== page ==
Everyone shops. Whether it’s online or in-store, weekly grocery trips or holiday spending sprees, we’re all intimately acquainted with retail.
But what many might not realize is that retail represents a broad, complex ecosystem of jobs that goes beyond the cashiers, shelf stockers, and sales associates who help customers in stores. Behind the frontlines of every successful retailer is an indispensable trove of people in marketing, logistics, supply chain, user experience, and more.
While working in retail, all of these workers gain useful, foundational skills that can translate into other industries—including computers and technology.
New research from Emsi and the National Retail Federation dives into the relationship between retail and technology. Specifically, we examine how retail skills gained in the following frontline retail jobs directly relate to the skills needed in the following computer and tech jobs.
Firmly refuting the idea that retail is irrelevant in an increasingly tech-driven economy, the Emsi and NRF report drives home two key messages:
In the face of automation, employers recognize the growing need for common, or “human,” skills. In fact, human skills like communication, leadership, and problem solving are among the most in-demand skills in the labor market right now.
There is certainly no shortage of human skills among retail workers—which makes sense given the amount of human interaction most frontline retail jobs require. In the graphic below, we can see the top common skills in retail jobs, including those listed in job postings (red) and those listed in resumes and profiles (yellow).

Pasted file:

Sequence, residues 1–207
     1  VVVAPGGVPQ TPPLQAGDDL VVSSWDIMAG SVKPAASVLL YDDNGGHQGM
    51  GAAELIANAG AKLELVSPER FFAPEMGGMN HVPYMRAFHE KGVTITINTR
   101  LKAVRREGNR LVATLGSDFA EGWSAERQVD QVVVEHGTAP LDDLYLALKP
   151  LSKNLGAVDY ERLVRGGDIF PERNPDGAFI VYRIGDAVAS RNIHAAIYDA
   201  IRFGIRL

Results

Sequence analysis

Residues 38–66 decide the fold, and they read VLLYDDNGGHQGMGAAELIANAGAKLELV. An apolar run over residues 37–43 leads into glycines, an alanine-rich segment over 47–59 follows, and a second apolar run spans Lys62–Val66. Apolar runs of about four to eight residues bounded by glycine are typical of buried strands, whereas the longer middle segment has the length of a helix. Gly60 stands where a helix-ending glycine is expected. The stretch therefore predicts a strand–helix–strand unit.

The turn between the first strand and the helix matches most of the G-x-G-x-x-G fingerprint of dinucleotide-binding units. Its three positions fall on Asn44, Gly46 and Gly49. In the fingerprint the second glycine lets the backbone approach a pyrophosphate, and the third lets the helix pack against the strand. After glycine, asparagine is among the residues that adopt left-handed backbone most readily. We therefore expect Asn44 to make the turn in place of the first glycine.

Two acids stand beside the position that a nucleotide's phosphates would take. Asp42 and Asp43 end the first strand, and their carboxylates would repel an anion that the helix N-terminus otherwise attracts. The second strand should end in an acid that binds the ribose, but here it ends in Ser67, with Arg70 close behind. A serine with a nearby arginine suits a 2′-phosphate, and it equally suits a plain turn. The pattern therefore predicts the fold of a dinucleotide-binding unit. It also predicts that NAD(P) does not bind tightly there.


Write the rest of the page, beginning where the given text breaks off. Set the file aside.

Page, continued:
Now, let’s compare that to the top common skills required in technology jobs. Note the many similarities, including management, communications, operations, and leadership.
Both sectors (retail and technology) are requesting the same skill sets, and the roles are generally compatible. Using Emsi’s compatibility index (driven by Department of Labor O*NET data), we see that entry level retail roles and technology careers have significant compatibility driven by the importance of common or soft skills prevalent in retail careers.
Not only do retail jobs provide compatible, human skills, but they also help tech workers move up the career ladder faster.
For example, a software developer with a background in retail is nearly 8% more likely to be promoted to a managerial role than a developer without a retail background. Web developers with a retail background are over 6% more likely to be promoted to a managerial role than those with a non-retail background.
The chart below demonstrates how a frontline retail background affects the likelihood of promotion to a managerial role for different technology jobs.
The results from our joint research effort with NRF demonstrate that retail workers learn valuable skills that can translate to countless industries—including technology. Retail experience also helps workers advance more quickly in their careers.
To learn more about the connection between retail and technology, download the full report.
For more information about Emsi or our data, please contact Jon Dion at [email protected].